Don’t Believe These Mortgage Misconceptions

Mortgage Misconceptions - The Tuttle Group

When you buy your first home, there are a lot of financial decisions to make. For instance, you’ll need to determine how much you can actually afford to spend on a home and whether you’ll need financial assistance. Since this is likely one of the most substantial purchases you’ll ever make, you’ll need to devote a lot of time and energy into figuring out how you’ll afford it.


Ultimately, this doesn’t only come down to finding the right property; it also comes down to finding the right mortgage rates and arrangements for your situation. Working with experienced mortgage lenders can put your mind at ease, but it’s also essential to educate yourself on this subject so you’ll feel prepared well ahead of time. Part of that is being able to discern fact from fiction. After all, there are a lot of misconceptions about mortgages that would-be homeowners assume are true. We’re setting the record straight on three pervasive misconceptions about mortgages in today’s post to help you get started.


MISCONCEPTION: You Have to Put 20% Down

Truth: A lot of people are under the impression that your downpayment needs to be large (e.g., 10%, 15%, or 20%) to qualify for a mortgage. While it’s a fact that your monthly payments will be lower if you’ve put down a larger payment up front, that might not be a feasible or wise choice for everyone.

Although the average mortgage down payment was $12,829 in 2017, not everyone has access to $10,000 or $20,000 for this purpose. Some mortgage lenders may require a larger down payment, but there are other options (like FHA-backed loans or VA-backed loans) that might allow you to put down significantly less and still qualify. There are likely far more ways to qualify for a mortgage than you would have thought, making home ownership a possibility for lots of families.


MISCONCEPTION: Fixed Rate Mortgages Are Always Better

Truth: A decade ago, most home buyers opted for fixed rate mortgages. Both mortgage lenders and homeowners felt this was a welcome solution at that time (in the midst of the financial crisis), as the rates could never change. But the rates are also higher when you choose these types of loans.

In some cases, adjustable rate mortgages may be a preferable option. If you’re planning on owning this new house for less than ten years, you may be able to save a lot more per month by having an adjustable rate mortgage. The decision here should be based on how long you expect to stay in the home. When a home is your first but not your forever, you may want to consider going with an adjustable rate rather than being locked in with higher payments.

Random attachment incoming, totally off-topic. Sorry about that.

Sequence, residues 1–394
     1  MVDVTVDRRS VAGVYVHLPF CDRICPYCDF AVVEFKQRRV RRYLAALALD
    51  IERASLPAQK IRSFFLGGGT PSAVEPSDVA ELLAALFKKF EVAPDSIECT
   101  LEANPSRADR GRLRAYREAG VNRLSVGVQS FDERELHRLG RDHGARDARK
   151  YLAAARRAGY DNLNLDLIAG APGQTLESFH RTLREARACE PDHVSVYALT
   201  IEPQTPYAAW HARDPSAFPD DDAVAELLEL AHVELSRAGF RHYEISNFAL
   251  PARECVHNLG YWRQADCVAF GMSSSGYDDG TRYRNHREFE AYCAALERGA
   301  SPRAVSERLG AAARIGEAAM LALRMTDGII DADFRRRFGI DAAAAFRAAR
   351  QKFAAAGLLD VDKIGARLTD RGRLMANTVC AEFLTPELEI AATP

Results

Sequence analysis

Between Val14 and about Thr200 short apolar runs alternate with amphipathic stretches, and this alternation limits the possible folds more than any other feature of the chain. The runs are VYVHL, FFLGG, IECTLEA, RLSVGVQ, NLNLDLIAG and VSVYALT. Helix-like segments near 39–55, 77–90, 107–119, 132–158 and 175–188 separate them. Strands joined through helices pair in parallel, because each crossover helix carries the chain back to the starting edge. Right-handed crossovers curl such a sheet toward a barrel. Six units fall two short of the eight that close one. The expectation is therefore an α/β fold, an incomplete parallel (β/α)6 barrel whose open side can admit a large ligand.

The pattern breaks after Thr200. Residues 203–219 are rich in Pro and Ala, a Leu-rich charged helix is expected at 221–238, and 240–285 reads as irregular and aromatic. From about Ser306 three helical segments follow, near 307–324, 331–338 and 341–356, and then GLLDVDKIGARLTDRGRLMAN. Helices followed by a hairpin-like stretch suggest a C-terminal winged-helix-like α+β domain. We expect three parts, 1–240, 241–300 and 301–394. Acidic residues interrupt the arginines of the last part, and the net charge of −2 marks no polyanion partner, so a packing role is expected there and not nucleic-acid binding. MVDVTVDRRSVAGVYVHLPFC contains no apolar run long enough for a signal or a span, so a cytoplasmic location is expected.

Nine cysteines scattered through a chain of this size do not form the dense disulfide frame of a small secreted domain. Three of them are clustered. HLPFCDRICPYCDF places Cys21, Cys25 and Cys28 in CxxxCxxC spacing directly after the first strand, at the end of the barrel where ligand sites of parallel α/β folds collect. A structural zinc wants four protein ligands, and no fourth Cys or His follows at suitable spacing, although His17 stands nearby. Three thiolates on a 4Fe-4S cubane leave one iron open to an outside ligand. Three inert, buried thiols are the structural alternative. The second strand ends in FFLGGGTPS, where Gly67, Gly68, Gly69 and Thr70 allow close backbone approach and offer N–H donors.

MISCONCEPTION: There’s No Difference Between Being Pre-Qualified and Pre-Approved

Truth: As a potential homeowner, you might be under the assumption that being pre-qualified for a mortgage and being pre-approved for a mortgage are two terms that mean the same thing. Not so. They’re actually quite different.

Being pre-qualified for a mortgage essentially means that you’ve spoken to mortgage lenders and are ready for the application process. Your lender may have estimated how much you might qualify for after you’ve provided them with some basic information. It’s very informal and non-official, which means it won’t hold a lot of weight when you’re house hunting.


Being pre-approved, on the other hand, means that you’ve given your lender all the pertinent documents, that they’ve run your credit check, that they’ve verified your assets and income, and that everything has been submitted to the underwriter. Your lender will agree to grant you a mortgage up to the pre-approved amount, though final approval will come later. Being pre-approved puts you in a stronger position to put in an offer on a home.

We hope that clearing up these misconceptions will help you when it comes time to meet with a mortgage lender. The more prepared you are, the less overwhelmed you’ll feel — and the better decisions you’ll make.

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